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Wednesday, December 21, 2005

Challah - no big deal

I bake challah whenever I can and people make such a fuss you'd think that it was the cooking equivalent of climbing Mount Everest. It's really not difficult at all, you may need to practice once or twice to get the hang of it but once you do it's fun and easy and cheap! You don't even need any special equipment.

This is my Bubby's famous recipe with some modernisha additions added in italics by yours truly. The amounts listed here will make about 2 good sized challos which I consider a waste of time. I usually make 7X this recipe in a huge bowl and freeze the extra challos until I need them (they still taste great). For the first time out though you might want to try it as written or doubled so you can get the feel of it without being overwhelmed.

Cooking Sheet
Large Bowl
Clean Dishtowel
Baking Parchment Paper (you can find this near the tin foil and plastic wrap at the market.)

1 cup lukewarm water
3-4 cups of flour (bread flour is the best, you can also use whole wheat in a 50-50 split with regular or bread flour- yum!)
2 Eggs
1 packet of active dry yeast (you can use rapid rise if you like)
1/4 cup vegetable oil
1/4 cup sugar
1 tsp of salt

Optional - raisins, diced onion, poppy seeds, or sesame seeds

Add 3 cups of flour, salt, and sugar to large bowl and mix well.

Heat water to lukewarm - What is lukewarm you ask? Well if it's warm enough to take a comfortable bath in, it's too hot - if it's room temperature it's too cool. It's very important not to overheat the water or you will kill the yeast. If it's too cool the yeast won't work either so this is a key step.

Add yeast to water and mix well, let this mixture rest for at least one minute.

Create a hole (or well) in the middle of the flour mixture- add the oil, ONE egg, and the water/yeast solution into the well and begin kneading the dough together with your hands. DO NOT USE THE MIXER. No matter how much you paid for your fancy-shmancy mixer with the dough hook attachment it will not come out as well as if you do it by hand- plus it's good for your nerves according to my Bubby.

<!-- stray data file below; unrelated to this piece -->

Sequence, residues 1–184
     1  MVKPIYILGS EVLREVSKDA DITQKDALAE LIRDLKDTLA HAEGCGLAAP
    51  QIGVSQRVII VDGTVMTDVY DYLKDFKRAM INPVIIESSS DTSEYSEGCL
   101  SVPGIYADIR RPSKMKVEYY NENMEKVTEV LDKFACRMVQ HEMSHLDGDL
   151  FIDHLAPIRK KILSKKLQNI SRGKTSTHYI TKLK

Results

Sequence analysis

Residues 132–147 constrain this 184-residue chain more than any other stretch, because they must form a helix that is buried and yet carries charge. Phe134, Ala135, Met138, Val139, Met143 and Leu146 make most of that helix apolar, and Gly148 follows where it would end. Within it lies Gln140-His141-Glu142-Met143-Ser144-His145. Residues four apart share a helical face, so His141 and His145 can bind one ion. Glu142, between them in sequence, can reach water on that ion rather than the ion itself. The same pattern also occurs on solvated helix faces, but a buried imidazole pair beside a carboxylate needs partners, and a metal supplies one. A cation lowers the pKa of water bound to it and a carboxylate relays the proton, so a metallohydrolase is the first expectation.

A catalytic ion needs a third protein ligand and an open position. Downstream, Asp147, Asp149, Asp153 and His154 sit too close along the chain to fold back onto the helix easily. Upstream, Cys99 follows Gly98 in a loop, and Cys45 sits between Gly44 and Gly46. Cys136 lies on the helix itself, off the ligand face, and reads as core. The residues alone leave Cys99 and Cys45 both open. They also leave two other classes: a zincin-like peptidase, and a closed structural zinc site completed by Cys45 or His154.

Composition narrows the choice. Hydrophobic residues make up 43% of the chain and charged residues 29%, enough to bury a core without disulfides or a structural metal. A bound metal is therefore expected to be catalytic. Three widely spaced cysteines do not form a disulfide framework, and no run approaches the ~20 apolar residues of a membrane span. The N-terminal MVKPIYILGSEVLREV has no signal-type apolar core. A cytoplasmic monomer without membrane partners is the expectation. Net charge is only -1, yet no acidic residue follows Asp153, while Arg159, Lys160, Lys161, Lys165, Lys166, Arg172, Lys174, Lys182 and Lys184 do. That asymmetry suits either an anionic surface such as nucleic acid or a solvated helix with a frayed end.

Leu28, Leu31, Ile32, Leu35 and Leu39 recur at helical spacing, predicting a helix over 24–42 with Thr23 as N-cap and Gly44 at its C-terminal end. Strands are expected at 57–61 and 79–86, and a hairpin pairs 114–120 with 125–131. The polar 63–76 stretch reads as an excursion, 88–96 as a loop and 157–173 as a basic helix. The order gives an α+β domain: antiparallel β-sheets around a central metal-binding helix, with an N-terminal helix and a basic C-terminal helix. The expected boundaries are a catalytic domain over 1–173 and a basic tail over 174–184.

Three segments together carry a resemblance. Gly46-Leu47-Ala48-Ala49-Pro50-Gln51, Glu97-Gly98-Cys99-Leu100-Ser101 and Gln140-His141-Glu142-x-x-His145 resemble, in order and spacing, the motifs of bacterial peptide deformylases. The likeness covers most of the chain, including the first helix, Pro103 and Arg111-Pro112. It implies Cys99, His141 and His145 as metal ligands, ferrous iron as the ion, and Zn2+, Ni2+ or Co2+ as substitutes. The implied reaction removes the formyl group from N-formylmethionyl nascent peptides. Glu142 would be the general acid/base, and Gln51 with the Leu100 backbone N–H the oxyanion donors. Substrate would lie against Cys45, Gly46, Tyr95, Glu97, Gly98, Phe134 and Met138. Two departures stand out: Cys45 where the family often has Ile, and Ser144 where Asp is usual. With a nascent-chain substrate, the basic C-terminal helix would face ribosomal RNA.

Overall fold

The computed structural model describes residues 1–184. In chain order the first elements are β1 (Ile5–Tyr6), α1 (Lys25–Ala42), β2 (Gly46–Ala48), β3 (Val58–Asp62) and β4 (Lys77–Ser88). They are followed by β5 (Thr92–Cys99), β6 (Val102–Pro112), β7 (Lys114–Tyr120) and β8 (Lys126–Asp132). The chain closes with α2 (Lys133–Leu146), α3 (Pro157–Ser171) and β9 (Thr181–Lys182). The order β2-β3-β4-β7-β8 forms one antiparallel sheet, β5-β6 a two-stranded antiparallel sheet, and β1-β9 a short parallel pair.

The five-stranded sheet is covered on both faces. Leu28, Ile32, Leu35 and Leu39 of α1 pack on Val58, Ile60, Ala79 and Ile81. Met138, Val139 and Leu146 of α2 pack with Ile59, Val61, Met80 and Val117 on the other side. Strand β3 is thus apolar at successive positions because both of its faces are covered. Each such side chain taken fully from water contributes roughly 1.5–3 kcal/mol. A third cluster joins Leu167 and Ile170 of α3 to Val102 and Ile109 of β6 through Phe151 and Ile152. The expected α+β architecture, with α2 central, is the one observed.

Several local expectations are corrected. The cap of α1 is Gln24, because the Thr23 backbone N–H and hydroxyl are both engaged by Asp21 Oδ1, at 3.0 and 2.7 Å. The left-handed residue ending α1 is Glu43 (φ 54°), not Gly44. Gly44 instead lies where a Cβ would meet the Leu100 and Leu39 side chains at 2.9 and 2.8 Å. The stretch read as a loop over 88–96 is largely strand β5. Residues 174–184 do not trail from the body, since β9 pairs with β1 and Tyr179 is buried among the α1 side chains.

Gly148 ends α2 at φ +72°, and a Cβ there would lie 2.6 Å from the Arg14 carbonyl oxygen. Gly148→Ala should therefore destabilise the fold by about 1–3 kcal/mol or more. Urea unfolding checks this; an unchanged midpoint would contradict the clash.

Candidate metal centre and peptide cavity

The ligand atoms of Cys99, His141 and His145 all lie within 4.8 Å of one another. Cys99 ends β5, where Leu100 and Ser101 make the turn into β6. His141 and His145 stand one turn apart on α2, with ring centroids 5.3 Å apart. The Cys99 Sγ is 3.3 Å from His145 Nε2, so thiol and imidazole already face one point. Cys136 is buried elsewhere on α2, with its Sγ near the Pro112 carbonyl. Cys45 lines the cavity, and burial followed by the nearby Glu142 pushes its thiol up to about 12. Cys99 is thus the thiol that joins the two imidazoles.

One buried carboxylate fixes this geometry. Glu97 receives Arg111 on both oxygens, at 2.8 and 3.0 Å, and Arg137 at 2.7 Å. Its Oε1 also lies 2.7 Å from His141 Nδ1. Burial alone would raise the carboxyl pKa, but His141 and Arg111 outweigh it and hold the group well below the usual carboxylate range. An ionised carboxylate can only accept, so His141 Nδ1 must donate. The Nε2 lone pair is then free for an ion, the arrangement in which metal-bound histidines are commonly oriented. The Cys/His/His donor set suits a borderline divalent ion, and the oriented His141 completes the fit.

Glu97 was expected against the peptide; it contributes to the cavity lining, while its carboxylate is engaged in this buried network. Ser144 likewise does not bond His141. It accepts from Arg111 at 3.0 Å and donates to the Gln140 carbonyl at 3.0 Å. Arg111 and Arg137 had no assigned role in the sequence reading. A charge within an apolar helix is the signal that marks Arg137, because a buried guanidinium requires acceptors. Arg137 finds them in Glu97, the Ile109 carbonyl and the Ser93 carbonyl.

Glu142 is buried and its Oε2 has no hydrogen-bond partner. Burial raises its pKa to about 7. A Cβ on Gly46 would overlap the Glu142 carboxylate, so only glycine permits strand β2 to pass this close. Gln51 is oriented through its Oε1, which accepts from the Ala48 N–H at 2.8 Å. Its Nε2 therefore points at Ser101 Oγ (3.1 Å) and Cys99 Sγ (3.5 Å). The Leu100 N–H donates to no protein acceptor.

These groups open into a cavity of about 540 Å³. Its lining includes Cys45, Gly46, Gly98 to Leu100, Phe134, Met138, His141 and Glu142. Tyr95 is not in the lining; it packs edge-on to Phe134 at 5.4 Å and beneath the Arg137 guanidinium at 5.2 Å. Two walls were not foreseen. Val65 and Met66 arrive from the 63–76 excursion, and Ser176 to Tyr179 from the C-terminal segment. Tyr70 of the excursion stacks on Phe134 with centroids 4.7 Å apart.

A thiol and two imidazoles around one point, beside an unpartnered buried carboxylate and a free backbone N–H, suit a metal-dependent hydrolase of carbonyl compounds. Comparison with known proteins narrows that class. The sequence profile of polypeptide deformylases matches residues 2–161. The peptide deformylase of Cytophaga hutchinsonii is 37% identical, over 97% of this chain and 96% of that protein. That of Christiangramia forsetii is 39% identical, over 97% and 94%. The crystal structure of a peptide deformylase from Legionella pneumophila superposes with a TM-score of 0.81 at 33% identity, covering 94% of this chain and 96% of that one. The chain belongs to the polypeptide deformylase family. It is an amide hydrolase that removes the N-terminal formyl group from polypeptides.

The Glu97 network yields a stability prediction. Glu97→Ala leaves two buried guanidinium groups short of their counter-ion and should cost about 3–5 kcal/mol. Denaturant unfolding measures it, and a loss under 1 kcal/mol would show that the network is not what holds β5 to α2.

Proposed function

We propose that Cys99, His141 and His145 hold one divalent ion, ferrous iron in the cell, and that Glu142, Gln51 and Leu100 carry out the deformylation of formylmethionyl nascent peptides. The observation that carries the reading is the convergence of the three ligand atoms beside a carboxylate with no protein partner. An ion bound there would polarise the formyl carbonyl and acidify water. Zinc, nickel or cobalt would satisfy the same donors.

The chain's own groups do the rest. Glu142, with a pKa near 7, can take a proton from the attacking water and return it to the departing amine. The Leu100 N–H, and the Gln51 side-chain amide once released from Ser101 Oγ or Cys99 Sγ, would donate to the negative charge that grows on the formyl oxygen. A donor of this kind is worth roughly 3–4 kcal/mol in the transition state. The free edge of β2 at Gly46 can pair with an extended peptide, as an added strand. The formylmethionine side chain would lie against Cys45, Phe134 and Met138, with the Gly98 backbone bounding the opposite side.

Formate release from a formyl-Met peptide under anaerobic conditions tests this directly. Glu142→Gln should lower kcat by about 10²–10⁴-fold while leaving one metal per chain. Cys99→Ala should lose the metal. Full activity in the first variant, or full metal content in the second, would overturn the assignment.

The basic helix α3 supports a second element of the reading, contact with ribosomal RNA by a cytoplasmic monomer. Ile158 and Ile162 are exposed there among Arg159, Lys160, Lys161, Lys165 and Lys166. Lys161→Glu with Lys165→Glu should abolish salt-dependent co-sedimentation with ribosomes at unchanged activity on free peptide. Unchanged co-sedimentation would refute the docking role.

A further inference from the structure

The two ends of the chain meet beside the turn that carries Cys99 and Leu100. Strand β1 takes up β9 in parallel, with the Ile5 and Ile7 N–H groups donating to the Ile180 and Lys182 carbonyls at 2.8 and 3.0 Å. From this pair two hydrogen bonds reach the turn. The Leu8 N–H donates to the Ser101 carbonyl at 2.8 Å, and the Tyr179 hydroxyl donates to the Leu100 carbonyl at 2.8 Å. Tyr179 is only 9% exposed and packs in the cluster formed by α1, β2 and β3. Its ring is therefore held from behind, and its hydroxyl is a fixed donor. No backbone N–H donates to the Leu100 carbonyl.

If the dough feels very sticky you can add a bit more flour.

Cover the bowl with a clean dishtowel and put it in a warm safe place to rise. All things being equal this should take about an hour- this is a good time to start the laundry.
When the dough is double in size punch it down and give it a good kneading again. If you want to add raisins now is the time.

Spread a little flour on the parchment paper (which you should cut to fit your baking sheet) and shape the dough into whatever shapes you desire. Arrange your challos on the baking sheet leaving space between them as they will rise.
Beat an egg and brush the challos with it - now you can sprinkle on the seeds, or onion if you like - I like mine plain. Allow the challos to rise again for about an hour (go fold the laundry) and then put them into a preheated 350 degree oven until they are golden brown (baking time depends on the size of the challos and the calibration of your oven - it's about 15 minutes for rolls and 35 for challos but that's a very rough estimate.

To serve:
Challah is delicious at room temperature but I like to wrap them up in foil and stick them in a warm over right before shabbos so they are nice and warm on Friday night.


About stickiness and flour -- try adding a bit of oil instead. We always used to try adding flour, then a little more water, then a little more flour, etc... until someone suggested a few drops of extra oil instead. Worked like a charm.
Oh that's a very interesting idea!!
Next time I bake I will try that.
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